Pittsburgh Magazine has produced a remarkable profile of Ed Piskor that includes a print interview and a video of the artist walking through his childhood home, where the drawings he did as a teenager are still visible amid peeling paint and fallen plaster.
Both pieces focus heavily on the milieu in which Piskor was raised, the Homestead neighborhood of Pittsburgh, which took a sharp nose dive after the steel mills closed; Piskor’s parents were among the many who lost their jobs. When he was growing up, the neighborhood had a heavy gang presence, so Piskor spent a lot of time indoors, drawing, but it was also there that he was exposed to hip-hop and became fascinated by it; his Hip Hop Family Tree has grown out of that youthful obsession.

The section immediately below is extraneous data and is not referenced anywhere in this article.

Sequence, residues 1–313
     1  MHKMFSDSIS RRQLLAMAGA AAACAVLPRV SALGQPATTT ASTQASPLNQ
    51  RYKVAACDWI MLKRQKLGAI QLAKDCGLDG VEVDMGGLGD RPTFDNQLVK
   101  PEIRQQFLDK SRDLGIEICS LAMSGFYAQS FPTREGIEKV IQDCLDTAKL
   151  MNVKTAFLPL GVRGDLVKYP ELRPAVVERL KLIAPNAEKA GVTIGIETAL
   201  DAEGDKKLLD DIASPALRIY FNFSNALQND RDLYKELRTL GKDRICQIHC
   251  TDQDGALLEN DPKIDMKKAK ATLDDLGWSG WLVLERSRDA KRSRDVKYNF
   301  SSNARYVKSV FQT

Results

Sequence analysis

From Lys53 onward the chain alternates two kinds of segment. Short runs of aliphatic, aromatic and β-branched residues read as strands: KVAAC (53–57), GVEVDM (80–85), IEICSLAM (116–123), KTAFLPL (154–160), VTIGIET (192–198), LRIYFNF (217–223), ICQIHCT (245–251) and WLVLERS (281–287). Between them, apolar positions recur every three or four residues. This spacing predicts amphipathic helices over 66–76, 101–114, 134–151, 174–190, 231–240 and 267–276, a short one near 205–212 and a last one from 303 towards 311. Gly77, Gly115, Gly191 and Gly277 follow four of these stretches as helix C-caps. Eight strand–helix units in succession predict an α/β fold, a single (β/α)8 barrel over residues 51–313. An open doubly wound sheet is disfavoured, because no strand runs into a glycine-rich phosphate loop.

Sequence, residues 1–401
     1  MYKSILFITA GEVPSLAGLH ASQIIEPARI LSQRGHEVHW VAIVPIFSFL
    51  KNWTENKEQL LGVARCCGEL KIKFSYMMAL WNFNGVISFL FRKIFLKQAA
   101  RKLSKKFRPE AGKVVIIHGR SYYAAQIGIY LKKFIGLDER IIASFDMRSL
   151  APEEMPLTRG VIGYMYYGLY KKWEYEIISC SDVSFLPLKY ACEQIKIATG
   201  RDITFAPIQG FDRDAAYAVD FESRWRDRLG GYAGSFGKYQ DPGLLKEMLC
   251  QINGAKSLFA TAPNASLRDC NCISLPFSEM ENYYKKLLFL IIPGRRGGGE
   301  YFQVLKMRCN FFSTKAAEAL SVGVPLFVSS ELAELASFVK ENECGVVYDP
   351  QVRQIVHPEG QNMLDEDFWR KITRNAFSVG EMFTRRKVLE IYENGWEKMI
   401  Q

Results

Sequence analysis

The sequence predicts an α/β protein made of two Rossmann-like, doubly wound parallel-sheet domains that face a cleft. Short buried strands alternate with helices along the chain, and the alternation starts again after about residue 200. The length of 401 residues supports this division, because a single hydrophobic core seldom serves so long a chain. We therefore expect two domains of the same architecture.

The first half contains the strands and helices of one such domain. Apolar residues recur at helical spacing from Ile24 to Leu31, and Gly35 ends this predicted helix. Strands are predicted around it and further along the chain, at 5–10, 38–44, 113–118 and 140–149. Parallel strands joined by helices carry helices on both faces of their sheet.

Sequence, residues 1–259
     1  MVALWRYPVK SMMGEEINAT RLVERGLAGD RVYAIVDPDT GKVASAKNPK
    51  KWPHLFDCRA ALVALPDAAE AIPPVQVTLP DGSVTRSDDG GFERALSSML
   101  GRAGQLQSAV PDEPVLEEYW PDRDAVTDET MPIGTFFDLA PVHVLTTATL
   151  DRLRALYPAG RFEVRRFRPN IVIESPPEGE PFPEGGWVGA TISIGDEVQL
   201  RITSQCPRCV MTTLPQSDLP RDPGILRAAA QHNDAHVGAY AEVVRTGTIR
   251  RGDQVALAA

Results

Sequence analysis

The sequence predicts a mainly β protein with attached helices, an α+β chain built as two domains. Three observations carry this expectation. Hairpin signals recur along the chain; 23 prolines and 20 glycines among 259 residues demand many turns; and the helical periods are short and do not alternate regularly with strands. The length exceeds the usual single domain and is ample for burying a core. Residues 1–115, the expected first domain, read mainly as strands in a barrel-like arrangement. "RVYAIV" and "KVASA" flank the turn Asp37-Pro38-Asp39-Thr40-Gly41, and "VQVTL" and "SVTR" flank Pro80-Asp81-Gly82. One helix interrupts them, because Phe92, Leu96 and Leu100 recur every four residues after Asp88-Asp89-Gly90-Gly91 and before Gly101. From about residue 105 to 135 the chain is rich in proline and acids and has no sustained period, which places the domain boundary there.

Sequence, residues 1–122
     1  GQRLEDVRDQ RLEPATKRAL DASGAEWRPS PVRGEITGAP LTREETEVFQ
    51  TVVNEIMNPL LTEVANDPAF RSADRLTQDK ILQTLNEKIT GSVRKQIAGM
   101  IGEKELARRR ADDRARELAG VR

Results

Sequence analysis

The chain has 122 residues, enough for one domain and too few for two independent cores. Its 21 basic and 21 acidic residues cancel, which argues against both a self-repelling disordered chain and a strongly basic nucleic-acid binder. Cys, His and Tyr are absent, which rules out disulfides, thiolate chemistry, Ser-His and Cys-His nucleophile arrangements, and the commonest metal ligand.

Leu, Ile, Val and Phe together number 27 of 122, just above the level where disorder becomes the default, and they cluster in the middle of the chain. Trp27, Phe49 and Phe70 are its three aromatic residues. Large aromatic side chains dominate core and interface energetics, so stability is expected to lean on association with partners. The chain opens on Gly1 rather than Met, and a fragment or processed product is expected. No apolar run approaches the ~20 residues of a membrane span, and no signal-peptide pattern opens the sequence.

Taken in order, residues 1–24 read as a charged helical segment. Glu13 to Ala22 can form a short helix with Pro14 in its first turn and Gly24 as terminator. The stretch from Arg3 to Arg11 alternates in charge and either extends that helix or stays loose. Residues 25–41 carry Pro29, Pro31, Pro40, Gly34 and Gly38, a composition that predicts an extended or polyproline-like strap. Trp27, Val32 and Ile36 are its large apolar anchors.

In the video, below, Piskor revisits his childhood bedroom, which he dubbed “FANATICAL Studio,” drawing the final “o” as an 8-ball — a device he borrowed from the graffiti at a nearby basketball court. The camera also catches him at his drawing board and working at his comics at a hip hop dance studio, and he pays a visit to a comic shop where recommendations from the owner broadened his boundaries. There’s also an interesting interplay as well between the chaos and decay of Piskor’s childhood home and neighborhood and the streamlined, utilitarian look of his current home and studio.
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